The Biggest Risk of Passive Investing

The Biggest Risk of Passive Investing

There’s been a lot of outcry over the years about how passive investing is creating all these new risks. High fee active managers are always critical because they say silly things like “indexing is average”. Some other people say it’s hurting the economy. Others have even compared it to Marxism. Okay, there’s a lot of hyperbole here mainly because there’s a lot of emotion surrounding a debate with huge gobs of fees up for grabs.  But are there real risks from passive investing?  While I think the risks are generally overstated I do think there’s one big risk:

  • Persistent Equity Market Overvaluation

First of all, if you’ve read my work on this subject you know that the term “passive” is a misnomer. In reality, anyone who deviates from global cap weighting is being active. The main difference between an index fund like the Vanguard Total Stock Index and the Fidelity Large Cap Growth fund is that the Vanguard fund tries to match the market return in a low fee manner while the Fidelity fund sells you the hope of beating the market return in exchange for a high fee. The Vanguard fund accepts that, after taxes and fees, they will under perform their benchmark index (this is true for all of us on average). But by reducing these fees and taxes they actually generate better average returns than the more active fund. So, it’s not that the Vanguard fund isn’t active, it’s that it’s active in a more efficient way.

But this does not mean there is no risk in the less active strategy. In fact, I suspect the adoption of these strategies is a big part of why we’re seeing persistently high equity market valuations. Over the last 40 years we’ve seen a persistent creep in market valuations.  Ratios like the CAPE ratio or the equity market as a percentage of aggregate financial assets show that investors are increasingly overweight equities on average. It’s very likely that index funds put pressure on valuations by implementing overly simplistic investing models that convince people to be more overweight equities than they might be comfortable.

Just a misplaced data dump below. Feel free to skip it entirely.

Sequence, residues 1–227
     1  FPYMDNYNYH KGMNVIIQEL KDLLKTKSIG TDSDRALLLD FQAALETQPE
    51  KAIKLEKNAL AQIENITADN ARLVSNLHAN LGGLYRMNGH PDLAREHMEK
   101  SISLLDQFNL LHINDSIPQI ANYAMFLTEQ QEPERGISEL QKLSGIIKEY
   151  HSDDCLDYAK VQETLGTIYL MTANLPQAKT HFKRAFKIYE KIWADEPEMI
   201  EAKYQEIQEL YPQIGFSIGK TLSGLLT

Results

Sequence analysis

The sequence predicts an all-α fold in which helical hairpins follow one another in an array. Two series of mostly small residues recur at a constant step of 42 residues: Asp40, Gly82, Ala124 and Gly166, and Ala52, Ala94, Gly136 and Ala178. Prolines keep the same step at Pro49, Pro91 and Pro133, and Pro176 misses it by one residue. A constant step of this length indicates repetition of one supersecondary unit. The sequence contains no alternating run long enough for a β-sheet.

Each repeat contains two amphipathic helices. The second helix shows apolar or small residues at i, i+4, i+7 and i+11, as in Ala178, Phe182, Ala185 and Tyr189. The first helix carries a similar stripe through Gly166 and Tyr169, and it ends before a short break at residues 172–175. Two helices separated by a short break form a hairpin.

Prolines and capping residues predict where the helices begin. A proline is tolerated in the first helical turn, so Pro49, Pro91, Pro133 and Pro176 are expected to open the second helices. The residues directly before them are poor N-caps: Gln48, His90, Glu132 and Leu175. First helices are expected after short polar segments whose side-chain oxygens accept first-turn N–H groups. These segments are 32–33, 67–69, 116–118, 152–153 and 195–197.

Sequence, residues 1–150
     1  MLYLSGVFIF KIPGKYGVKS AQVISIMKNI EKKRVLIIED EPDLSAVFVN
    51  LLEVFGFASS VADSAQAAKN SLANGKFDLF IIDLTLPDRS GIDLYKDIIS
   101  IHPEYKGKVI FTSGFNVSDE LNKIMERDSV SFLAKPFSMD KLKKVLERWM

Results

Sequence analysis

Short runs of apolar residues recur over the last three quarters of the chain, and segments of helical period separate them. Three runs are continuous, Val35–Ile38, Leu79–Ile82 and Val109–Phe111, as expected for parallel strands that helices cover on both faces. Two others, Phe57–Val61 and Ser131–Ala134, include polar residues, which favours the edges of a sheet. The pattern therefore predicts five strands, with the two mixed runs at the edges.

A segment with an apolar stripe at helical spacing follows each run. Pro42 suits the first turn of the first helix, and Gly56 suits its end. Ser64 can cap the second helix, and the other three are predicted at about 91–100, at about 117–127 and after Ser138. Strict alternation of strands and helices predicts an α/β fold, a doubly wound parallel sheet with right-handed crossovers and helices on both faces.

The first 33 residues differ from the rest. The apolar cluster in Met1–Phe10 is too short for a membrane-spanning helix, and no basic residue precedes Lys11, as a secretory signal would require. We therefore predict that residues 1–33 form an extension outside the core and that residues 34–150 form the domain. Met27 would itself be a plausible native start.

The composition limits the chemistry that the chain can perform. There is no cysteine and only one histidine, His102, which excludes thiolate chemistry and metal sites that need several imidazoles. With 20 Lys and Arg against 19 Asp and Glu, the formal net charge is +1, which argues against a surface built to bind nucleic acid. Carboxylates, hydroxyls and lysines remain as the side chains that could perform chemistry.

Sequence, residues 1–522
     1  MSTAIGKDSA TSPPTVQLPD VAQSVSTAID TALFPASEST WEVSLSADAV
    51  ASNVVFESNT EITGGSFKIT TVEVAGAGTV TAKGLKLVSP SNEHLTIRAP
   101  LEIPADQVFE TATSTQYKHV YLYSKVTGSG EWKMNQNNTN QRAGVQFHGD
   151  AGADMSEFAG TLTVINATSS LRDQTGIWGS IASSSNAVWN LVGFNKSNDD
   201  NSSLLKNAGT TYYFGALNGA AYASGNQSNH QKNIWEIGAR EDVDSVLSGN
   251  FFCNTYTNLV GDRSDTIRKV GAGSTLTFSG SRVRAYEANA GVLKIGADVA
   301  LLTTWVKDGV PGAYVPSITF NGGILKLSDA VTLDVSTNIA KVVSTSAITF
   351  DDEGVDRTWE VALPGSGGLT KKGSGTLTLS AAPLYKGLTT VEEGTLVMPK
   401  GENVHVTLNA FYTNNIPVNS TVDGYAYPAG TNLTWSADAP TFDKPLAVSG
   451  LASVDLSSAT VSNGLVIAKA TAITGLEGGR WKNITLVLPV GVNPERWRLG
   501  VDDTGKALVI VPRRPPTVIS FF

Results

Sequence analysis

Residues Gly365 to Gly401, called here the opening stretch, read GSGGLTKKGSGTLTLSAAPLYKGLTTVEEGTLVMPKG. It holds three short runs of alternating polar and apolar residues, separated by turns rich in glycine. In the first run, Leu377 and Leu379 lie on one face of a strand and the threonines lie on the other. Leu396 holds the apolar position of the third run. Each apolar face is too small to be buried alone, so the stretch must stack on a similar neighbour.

One of the problems I’ve expressed with Modern Portfolio Theory is that it can result in an overly simplistic approach to equity allocation. Basically, people say, if you’ve got a long time horizon then you can afford to wait out the big ups and downs in stocks so you should be massively overweight equities. This is exactly right in theory, but life is always more complex than that. Our financial lives aren’t a simple “long-term”. They are more like a series of short-terms.  And so you’ve got a lot of fairly novice investors who don’t know this who are piling assets into high risk long-term instruments. This rush into equities has been happening since well before the tech bubble. It’s just that the boomers have learned this lesson the hard way after two market crashes.

So, the risk today is that behaviorally unprepared investors rush into an asset class they don’t fully understand. This pushes up valuations as more of our average net worth is allocated into equities and creates the potential for an imbalance where investors own more of a long-term asset than their short-term needs are comfortable with. And when a bear market sets in it is often these investors who actually exacerbate the bear market by overreacting to what is a naturally uncertain environment as they realize that what they thought was a safe diversified strategy is often just a highly stock market correlated way of allocating assets.

I’m a huge advocate of low fee indexing.  I’ve defended the indexing revolution ardently on this website. But the risk of more volatile equity markets is something I think we’ve started to see in the last few decades and something that could become even more exaggerated in the coming decades.  Thanks in large part to the overly simplistic manner in which we allocate our savings to the equity markets via “passive” indexing strategies.

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